post about perceptions and City Schools. I posted a few comments, but it seemed that the discussion was becoming about a specific school (Margret Brent, picture to the left), as opposed to something more general about City Schools. I don't know enough about Margret Brent to keep that discussion going, so I stopped commenting there.
The discussion I'd like to hit on with this post is more general. How do you balance the fact that City Schools have some very real problems with an exaggerated perception by many that sending your kids to Baltimore's public schools is child abuse, at least if you can find any alternative? The schools have faltered and made progress, but that perception has remained. Look at this post from the City Paper from 2000 that sounds like it could be from today.
I'm not sure what the answer is. I personally try to spread the word about the educational experiences my kids have had and are having. I talk about my own education - 100% BCPSS K-12. I really do feel like there are some incredible stories to be told.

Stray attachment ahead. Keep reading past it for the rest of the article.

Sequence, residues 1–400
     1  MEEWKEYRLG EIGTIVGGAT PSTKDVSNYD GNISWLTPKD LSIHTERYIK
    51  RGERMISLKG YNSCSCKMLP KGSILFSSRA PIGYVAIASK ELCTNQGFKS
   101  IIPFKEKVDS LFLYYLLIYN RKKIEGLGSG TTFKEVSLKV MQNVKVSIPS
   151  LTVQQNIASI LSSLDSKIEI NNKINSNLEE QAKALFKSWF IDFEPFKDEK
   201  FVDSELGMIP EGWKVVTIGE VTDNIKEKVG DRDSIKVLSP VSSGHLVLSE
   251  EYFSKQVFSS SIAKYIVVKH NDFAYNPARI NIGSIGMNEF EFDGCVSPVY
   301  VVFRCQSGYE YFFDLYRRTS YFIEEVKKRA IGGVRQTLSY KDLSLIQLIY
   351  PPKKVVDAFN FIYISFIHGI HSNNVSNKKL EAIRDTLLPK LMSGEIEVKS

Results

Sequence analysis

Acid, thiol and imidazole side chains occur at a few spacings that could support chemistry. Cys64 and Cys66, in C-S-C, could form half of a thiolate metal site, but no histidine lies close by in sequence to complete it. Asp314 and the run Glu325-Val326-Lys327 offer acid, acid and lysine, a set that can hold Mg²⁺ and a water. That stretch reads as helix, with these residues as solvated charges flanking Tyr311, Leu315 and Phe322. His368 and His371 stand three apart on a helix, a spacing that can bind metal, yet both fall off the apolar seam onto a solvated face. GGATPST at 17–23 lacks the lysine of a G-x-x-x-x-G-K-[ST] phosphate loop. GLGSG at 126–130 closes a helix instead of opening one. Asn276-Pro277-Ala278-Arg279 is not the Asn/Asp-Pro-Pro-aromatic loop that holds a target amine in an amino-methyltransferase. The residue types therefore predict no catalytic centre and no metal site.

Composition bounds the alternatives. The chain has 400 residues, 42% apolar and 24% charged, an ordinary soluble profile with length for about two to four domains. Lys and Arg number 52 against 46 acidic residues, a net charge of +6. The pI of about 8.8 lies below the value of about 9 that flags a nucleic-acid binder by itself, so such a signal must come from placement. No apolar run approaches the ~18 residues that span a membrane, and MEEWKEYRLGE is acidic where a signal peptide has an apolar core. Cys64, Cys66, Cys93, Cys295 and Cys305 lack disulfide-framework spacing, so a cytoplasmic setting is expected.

On the other hand, the things that I see in statewide competitions, that point out the financial disparity between Baltimore City and say Montgomery County, make me feel ill. It takes money to support a robotics team, or a science fair project, or even a chess team. You can make up for a certain lack of money with passion, but passion won't buy bus transportation or a set of tools.
I feel that there needs to be equity on school funding, but I don't want people to think my decision to send my kids to under-funded schools is deluded or some sort of sacrifice to a political goal. It's a choice we've made for the last 13 years, and I think it's the right one.
I'd love to spark a discussion in the comment section to this post. How can we demand better funding without looking pitiful?